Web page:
A resistance furnace was connected to a 40 mm i.d. quartz tube in a spinning unit in which the optical fiber material was spun into an uncoated optical fiber. Optical fiber material, with an outer diameter of 30 mm, and with a core impregnated with GeO2 as a dopant, was placed in the spinning unit. The material was spun at 2000° C. and at a spinning speed of 30 m/min into a fiber of 125 μm o.d. Benzene vapor diluted with argon gas to about 1% by volume was used as the feed compound. The vapor-gas mixture was then fed at about 5 1/min to the reaction tubes and kept at 1000° C., while the uncoated optical fibers were coated with the carbon coating layer. As confirmed by electron microscopic analysis, the thickness of the carbon coating layer was uniform, at 0.1 to 0.3 μm over a fiber length of 1 km.

Example 2

The same procedure as described in Example 1 was followed, except that to form the carbon coating layer, benzene vapor diluted with argon gas to about 10% by volume was used as the feed compound. The thickness of the carbon coating layer was 0.6 to 1.0 μm over a fiber length of 1 km.

Example 3

The same procedure as described in Example 1 was followed, except that to form the carbon coating layer, 1,2-dichloroethane diluted with argon gas to about 1% by volume was used as the feed compound.

Example 4

The same procedure as described in Example 1 was followed, except that to form the carbon coating layer, 1,1,1-trichloroethane diluted with argon gas to about 1% by volume was used as the feed compound, and the resistance furnace was heated to achieve 500° C. in the reaction tubes. As confirmed by electron microscopic analysis, the thickness of the carbon coating layer was 0.1 to 0.3 μm over a fiber length of 1 km.

Example 5

The same procedure as described in Example 1 was followed, except that to form the carbon coating layer, 1,2-dichloroethylene diluted with argon gas to about 1% by volume was used as the feed compound, and the resistance furnace was heated to 600° C. for the reaction tubes.

Example 6

The same procedure as described in Example 1 was followed, except that to form the carbon coating layer, dichloromethane diluted with argon gas to about 1% by volume was used as the feed compound, and the resistance furnace was heated to attain 800° C. in the reaction tubes. As confirmed by electron microscopic analysis, the thickness of the carbon coating layer was 0.1 to 0.2 μm over a fiber length of 1 km.

Example 7

The same procedure as described in Example 1 was followed, except that to form the carbon coating layer, vinyl-naphthalene diluted with argon gas to about 1% by volume was used as the feed compound, and the resistance furnace was heated to attain 1100° C. in the reaction tubes.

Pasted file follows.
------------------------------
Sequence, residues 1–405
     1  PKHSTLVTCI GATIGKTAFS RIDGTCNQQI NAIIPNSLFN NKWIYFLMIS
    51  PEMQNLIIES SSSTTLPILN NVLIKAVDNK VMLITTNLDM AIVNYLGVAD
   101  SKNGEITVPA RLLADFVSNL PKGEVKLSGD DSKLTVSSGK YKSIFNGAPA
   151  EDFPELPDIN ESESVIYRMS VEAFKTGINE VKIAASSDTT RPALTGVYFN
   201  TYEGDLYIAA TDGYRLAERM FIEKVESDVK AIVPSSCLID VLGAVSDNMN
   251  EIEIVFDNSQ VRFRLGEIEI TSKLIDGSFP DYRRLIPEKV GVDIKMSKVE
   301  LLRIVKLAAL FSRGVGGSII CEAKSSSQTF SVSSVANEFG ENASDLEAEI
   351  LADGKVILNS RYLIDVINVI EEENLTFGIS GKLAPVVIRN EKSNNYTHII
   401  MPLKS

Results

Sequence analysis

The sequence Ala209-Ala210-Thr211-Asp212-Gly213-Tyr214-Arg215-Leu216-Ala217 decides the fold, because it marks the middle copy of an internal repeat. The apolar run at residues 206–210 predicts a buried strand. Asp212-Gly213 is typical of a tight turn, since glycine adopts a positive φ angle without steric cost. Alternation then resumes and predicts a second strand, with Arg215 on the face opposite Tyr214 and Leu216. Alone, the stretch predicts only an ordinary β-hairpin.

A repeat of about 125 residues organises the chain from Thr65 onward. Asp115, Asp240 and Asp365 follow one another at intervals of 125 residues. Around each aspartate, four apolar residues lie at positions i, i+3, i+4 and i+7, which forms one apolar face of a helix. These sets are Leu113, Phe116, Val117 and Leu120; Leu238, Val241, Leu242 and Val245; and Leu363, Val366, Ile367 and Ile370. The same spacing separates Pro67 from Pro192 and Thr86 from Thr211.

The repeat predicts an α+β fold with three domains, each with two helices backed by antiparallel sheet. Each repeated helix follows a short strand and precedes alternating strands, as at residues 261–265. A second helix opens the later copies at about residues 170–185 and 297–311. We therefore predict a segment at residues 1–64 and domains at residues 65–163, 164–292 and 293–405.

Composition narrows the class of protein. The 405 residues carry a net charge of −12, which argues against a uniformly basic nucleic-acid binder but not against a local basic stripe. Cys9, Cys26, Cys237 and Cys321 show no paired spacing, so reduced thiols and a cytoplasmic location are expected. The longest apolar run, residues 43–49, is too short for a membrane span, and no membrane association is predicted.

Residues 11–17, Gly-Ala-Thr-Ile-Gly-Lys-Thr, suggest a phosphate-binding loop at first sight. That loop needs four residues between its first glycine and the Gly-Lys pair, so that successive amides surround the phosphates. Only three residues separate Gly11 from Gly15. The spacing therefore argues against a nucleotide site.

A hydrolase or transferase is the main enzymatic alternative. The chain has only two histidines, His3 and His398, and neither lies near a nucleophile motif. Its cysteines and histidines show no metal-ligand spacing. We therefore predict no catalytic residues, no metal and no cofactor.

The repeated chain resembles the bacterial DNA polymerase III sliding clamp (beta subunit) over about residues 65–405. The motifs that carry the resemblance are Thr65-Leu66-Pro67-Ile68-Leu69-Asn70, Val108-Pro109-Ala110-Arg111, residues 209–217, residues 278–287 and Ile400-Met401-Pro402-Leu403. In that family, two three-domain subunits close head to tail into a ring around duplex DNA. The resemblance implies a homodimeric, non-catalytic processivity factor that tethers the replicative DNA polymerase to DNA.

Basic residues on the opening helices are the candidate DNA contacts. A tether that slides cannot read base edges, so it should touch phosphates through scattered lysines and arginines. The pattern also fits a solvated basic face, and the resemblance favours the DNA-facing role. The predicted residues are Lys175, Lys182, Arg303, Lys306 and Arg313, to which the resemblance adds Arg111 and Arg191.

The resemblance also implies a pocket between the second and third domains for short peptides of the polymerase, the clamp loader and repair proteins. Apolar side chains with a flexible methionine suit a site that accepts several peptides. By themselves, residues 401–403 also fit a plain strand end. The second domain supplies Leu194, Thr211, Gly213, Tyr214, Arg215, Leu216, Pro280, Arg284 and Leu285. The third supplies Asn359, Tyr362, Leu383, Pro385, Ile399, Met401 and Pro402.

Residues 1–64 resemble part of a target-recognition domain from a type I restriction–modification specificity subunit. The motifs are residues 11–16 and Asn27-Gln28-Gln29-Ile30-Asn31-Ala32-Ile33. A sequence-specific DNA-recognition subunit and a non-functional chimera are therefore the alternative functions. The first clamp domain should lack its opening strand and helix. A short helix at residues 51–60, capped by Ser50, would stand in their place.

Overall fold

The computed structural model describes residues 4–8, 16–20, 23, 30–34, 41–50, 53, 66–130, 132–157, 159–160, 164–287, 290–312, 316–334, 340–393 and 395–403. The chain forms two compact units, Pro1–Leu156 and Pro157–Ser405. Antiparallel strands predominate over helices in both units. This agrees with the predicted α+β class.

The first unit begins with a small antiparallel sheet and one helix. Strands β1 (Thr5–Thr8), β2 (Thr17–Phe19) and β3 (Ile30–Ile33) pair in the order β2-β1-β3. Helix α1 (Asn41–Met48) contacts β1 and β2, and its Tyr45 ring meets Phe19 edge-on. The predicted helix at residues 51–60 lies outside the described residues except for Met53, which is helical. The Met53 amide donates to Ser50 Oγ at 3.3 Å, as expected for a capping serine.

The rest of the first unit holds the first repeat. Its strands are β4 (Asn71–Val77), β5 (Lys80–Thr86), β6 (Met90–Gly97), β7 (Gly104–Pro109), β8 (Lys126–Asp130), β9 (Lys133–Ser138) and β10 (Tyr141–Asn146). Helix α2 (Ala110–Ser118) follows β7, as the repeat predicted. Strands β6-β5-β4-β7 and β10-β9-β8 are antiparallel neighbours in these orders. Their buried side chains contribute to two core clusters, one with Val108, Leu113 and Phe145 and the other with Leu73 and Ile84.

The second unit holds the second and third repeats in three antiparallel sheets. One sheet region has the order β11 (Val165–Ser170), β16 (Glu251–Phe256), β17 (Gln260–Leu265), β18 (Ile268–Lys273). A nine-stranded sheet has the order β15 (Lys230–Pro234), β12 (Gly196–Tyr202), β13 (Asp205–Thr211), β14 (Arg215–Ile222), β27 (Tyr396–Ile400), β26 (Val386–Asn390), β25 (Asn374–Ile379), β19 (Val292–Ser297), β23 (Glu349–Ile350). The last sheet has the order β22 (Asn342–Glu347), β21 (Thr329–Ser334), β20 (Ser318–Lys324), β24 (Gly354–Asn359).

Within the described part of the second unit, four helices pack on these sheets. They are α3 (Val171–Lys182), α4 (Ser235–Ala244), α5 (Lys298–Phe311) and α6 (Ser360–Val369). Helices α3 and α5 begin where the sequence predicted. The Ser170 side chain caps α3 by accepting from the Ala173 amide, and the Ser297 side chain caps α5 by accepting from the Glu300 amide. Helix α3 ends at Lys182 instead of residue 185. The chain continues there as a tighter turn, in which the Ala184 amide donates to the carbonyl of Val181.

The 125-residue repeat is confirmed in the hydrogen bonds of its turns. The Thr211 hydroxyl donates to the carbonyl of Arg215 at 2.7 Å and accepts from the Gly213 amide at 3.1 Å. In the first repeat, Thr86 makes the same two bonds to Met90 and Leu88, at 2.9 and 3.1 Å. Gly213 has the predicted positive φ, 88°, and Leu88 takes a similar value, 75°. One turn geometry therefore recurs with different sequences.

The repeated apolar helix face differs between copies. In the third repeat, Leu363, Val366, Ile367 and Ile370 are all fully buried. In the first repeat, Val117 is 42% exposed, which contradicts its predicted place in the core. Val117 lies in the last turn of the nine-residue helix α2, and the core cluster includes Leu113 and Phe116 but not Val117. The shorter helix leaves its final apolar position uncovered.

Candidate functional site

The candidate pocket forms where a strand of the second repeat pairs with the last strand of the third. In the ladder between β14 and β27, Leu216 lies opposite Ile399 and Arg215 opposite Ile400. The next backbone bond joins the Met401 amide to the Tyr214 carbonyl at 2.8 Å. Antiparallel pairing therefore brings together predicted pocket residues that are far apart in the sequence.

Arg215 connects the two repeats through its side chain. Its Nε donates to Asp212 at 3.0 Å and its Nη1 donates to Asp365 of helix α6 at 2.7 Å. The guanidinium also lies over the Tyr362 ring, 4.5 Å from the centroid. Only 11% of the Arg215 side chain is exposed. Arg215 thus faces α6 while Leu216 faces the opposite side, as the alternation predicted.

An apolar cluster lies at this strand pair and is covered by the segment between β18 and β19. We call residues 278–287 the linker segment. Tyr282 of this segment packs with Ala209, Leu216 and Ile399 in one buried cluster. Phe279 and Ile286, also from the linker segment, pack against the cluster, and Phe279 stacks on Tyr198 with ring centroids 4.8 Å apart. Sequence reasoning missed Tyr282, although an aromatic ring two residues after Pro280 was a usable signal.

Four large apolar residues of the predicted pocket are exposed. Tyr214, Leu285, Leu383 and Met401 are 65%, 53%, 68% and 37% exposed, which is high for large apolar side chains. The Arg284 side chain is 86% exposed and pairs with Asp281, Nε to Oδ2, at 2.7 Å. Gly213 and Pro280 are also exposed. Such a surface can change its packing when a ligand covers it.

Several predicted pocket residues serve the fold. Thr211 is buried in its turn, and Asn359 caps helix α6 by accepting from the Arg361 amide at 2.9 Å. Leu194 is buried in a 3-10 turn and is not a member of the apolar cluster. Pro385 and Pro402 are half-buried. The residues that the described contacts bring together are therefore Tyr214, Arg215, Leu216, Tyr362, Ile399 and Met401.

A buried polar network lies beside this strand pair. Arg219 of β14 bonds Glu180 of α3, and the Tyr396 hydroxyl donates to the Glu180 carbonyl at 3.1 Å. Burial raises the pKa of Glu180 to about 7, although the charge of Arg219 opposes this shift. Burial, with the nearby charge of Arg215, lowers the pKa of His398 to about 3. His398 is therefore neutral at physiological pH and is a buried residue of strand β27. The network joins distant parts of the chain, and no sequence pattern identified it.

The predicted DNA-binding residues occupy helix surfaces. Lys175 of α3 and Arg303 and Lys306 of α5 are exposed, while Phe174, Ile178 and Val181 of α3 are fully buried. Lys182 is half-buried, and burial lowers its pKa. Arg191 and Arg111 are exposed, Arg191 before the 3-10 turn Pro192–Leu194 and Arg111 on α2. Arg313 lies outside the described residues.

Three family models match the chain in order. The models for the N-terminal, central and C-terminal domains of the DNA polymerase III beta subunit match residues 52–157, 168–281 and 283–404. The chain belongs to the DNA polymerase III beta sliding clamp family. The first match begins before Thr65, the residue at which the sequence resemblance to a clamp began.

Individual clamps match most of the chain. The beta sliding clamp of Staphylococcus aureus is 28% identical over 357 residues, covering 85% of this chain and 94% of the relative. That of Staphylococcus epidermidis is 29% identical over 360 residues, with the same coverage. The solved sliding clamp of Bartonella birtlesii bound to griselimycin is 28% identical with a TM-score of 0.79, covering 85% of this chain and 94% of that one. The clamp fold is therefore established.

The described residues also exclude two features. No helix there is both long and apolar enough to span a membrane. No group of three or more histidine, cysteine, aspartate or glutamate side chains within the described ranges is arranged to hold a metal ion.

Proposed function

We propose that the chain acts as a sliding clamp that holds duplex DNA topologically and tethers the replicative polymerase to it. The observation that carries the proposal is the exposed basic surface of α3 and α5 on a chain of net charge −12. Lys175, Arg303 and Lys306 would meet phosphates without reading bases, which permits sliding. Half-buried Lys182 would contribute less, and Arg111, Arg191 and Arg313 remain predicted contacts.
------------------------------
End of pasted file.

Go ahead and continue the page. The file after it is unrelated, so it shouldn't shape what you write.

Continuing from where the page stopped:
Example 8

The optical fiber prepared in Example 1 was coated further with a urethane acrylate resin which was hardened by ultraviolet light to form an optical fiber with an outer diameter of about 250 μm. The fiber was passed through a die pot filled with the liquified resin (Young's modulus: 50 kg/mm2, elongation: 10% at a linear speed of 60 m/min.

Example 9

The same procedure as described in Example 1 was followed, except that to form the carbon coating layer, the resistance furnace was heated to attain 1200° C. in the reaction tubes.

Example 10

The same procedure as described in Example 1 was followed, except that to form the carbon coating layer, n-hexanol diluted with argon gas to about 1% by volume was used as the feed compound.

Example 11

The same procedure as described in Example 1 was followed, except that the resistance furnace was heated to attain 1100° C. in the reaction tubes and naphthalene diluted with argon gas to about 1% by volume was used as the feed compound.

Example 12

The same procedure as described in Example 1 was followed, except that to form the carbon coating layer, the resistance furnace was heated to 400° C., and 1,2-trans-dichloroethylene diluted with argon to about 1% by volume was used as the feed compound.

Comparison Example 1

A 30 mm o.d. optical fiber material with a core impregnated with GeO2 as a dopant was spun into 125 μm fibers at 2000° C. and at a speed of 30 m/min.

Test 1

The 500 m long optical fibers prepared in Examples 1 through 12 and Comparison Example 1 were measured for their light transmission losses at wavelengths of 1.24 and 1.39 μm, where absorption by OH groups occurs. Each tested fiber was then kept for 24 hours in a tightly sealed container at 150° C. and at a hydrogen partial pressure of 1 atm. The fibers were again measured at the same wavelengths for light transmission losses to determine the differential transmission loss caused by penetration of hydrogen. The results are shown in Table 1.

Test 2

The optical fibers prepared in Examples 1 through 12 and Comparison Example 1 were measured for their tensile strength. Twenty fibers from each sample were subjected to pulling stresses under a gauge length of 30 cm and a strain rate of 10%/min. To determine tensile strength at a 50% fracture probability, fracture probability was plotted against tensile strength in a Weibull plot. The results are also shown in Table 1.